Who is Mark Meadows? Meet Trump's chief of staff who defied Jan. 6 committee subpoena

  • Oops!
    Something went wrong.
    Please try again later.
  • Oops!
    Something went wrong.
    Please try again later.
·3 min read
In this article:
  • Oops!
    Something went wrong.
    Please try again later.
  • Oops!
    Something went wrong.
    Please try again later.

From the Jan. 6 Committee’s public hearings, the country is learning the names of Trump administration officials and associates who played a role in the scheme to allow President Donald Trump to hang onto power by overturning the results of his election defeat to Joe Biden.

Witness testimony has offered a window into the White House in the days leading up to and on Jan. 6 as a violent pro-Trump mob stormed the Capitol.

At the latest hearing, Cassidy Hutchinson, an ex-White House aide, recounted conversations among White House officials and Trump on the day of the attack, testifying at length about the actions of her former boss and White House Chief of Staff Mark Meadows.

Day 8 live updates: Jan. 6 hearing to dig into Trump's actions during attack. Kinzinger, Luria leading hearing

Day 7 recap: Jan. 6 hearing to focused on how Trump summoned mob ahead of Capitol attack

Who is Mark Meadows and what role did he have in the Trump administration?

Meadows was the White House chief of staff in the final year of Trump’s presidency. As the president’s right-hand man, Meadows had firsthand knowledge Trump’s effort to undermine the 2020 presidential election results.

He met with Georgia state officials to press them about alleged election fraud and said the National Guard would protect “pro-Trump people" on Jan. 6 before the riot broke out at the Capitol, USA TODAY reported.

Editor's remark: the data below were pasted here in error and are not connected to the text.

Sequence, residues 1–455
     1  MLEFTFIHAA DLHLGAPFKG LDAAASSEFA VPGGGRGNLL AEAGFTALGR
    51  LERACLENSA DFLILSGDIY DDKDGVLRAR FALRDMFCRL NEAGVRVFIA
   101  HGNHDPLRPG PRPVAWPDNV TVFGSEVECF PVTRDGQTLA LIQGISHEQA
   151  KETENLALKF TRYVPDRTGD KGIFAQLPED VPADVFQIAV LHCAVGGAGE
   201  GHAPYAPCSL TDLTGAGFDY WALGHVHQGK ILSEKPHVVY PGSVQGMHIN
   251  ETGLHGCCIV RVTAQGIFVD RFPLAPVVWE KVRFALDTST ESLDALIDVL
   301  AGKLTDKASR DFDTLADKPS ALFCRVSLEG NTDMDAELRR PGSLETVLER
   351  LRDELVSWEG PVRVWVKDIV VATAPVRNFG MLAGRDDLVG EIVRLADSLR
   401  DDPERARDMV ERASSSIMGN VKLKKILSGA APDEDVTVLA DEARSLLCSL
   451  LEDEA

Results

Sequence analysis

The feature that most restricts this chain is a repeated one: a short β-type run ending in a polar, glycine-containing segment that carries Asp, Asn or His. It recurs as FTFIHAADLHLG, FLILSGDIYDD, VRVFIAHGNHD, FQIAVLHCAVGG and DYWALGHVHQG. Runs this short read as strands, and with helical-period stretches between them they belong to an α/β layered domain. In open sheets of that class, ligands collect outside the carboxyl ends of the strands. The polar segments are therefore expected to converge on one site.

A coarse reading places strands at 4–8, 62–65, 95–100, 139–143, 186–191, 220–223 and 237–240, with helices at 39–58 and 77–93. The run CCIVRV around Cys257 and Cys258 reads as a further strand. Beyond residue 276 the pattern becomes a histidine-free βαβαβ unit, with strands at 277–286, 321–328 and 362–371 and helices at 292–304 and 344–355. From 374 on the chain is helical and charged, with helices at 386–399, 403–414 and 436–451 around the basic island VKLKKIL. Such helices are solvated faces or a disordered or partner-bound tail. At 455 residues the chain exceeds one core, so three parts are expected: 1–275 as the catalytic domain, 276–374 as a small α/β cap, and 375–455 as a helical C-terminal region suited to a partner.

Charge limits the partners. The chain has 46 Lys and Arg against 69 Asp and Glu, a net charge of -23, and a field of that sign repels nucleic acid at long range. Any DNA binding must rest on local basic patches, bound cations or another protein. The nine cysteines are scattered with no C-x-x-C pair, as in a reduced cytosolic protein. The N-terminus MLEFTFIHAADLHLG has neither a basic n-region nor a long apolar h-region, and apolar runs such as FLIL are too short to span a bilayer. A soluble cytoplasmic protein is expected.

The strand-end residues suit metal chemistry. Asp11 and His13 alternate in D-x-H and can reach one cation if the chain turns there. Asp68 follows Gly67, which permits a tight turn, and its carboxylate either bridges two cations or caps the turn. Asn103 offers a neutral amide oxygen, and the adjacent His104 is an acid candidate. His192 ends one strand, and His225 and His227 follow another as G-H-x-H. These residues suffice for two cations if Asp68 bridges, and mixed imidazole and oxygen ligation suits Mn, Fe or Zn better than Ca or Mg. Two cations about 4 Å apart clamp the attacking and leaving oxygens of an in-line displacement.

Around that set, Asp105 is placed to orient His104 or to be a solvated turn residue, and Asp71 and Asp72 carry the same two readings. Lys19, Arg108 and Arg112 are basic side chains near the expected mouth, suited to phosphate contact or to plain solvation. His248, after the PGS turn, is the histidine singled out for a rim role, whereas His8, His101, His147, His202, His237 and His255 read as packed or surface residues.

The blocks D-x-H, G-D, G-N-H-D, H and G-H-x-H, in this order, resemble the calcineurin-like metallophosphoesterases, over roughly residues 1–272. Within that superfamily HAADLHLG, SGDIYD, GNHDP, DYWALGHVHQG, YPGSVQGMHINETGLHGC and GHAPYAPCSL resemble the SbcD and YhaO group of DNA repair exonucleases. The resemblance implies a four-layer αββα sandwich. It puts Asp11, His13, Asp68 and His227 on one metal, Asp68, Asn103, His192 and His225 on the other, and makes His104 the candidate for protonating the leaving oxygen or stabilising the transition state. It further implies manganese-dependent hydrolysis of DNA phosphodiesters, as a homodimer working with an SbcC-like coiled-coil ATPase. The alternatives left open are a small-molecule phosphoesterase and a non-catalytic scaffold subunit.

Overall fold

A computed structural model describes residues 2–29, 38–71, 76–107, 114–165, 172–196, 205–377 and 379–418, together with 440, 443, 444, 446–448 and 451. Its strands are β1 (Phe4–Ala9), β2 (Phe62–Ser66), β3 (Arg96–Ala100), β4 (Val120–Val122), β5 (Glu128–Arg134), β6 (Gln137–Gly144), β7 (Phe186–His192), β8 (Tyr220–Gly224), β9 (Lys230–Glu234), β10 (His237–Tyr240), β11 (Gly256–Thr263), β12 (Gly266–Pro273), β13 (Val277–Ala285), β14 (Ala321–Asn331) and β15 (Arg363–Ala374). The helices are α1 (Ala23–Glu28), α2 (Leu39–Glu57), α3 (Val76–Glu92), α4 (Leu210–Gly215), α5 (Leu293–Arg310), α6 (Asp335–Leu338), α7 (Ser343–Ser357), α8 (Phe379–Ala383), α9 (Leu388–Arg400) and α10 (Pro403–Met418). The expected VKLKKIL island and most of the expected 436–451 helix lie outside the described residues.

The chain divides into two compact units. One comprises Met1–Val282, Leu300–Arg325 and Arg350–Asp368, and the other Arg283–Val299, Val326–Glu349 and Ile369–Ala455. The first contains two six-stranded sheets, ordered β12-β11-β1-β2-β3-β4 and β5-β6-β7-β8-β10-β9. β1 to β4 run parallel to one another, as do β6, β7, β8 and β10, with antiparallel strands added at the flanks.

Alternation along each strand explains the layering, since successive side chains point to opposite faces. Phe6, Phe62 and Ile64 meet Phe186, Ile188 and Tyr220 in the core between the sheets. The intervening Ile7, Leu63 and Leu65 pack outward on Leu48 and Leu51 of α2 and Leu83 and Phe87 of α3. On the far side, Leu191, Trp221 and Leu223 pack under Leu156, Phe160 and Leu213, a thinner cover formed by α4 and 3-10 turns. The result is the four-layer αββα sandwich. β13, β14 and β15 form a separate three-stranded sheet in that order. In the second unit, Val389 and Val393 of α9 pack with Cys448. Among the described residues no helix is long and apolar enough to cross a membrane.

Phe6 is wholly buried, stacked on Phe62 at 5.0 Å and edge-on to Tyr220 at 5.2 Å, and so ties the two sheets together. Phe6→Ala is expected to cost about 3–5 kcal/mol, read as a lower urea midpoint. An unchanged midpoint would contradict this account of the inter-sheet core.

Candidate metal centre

Hutchinson, his former aide in the White House, testified before the Jan. 6 committee Tuesday that Meadows was well aware of the violence that could erupt on the day of the attack, appeared unconcerned when it did and sought a presidential pardon thereafter.  

A spokesperson for Meadows denied he ever sought a pardon.

The committee subpoenaed the former chief of staff, but he refused to comply. The Democrat-controlled House voted to hold Meadows in contempt of Congress, but the Department of Justice has opted not to criminally prosecute him, Politico reported.

Big question for Jan. 6 committee: Did Meadows help stop – or fuel – the insurrection?

June was an explosive, historic month in DC: Here's what you might have missed

Former White House chief of staff Mark Meadows.
Former White House chief of staff Mark Meadows.

What did Mark Meadows do before working for Trump?

Before taking his post inside the Trump White House in 2020, Meadows was considered one of Trump's closest allies in Congress, where he represented a district in western North Carolina in the House for seven years.

In 2013, still a fresh face on Capitol Hill, Meadows made a name for himself by helping lead the group of Republican lawmakers who provoked a government shutdown when the House and Senate couldn't agree on spending legislation, CNN reported. He was an ally of the staunchly-“small government” Tea Party movement that sprung up in the wake of Obama’s 2008 election victory.

Opinion: A steady diet of red meat turned the Tea Party into Trumpism

He took his place as one of the more conservative members of Congress, helping found the House Freedom Caucus in 2015 that ousted Republican House Speaker John Boehner and pushed the Republican Party further to the right, Vox reported. In December 2019, he announced his retirement from Congress to go work for Trump.

What is Mark Meadows doing now?

Meadows served in the Trump administration until the end of the term. Shortly after, he took a job at a newly formed DC-based organization that provides support to GOP lawmakers founded by retired South Carolina Sen. Jim DeMint.

But much of what has kept Meadows’ name in the news is his connection with Jan. 6 and Trump’s to foil the 2020 election results certification.

The Jan. 6 Committee has worked to paint a picture of his involvement since it began its work last summer.

He has also been the subject of a voter fraud investigation in North Carolina for voting using registration at an address where he did not reside, USA TODAY reported.

This article originally appeared on USA TODAY: Who is Mark Meadows? What to know about Trump's chief of staff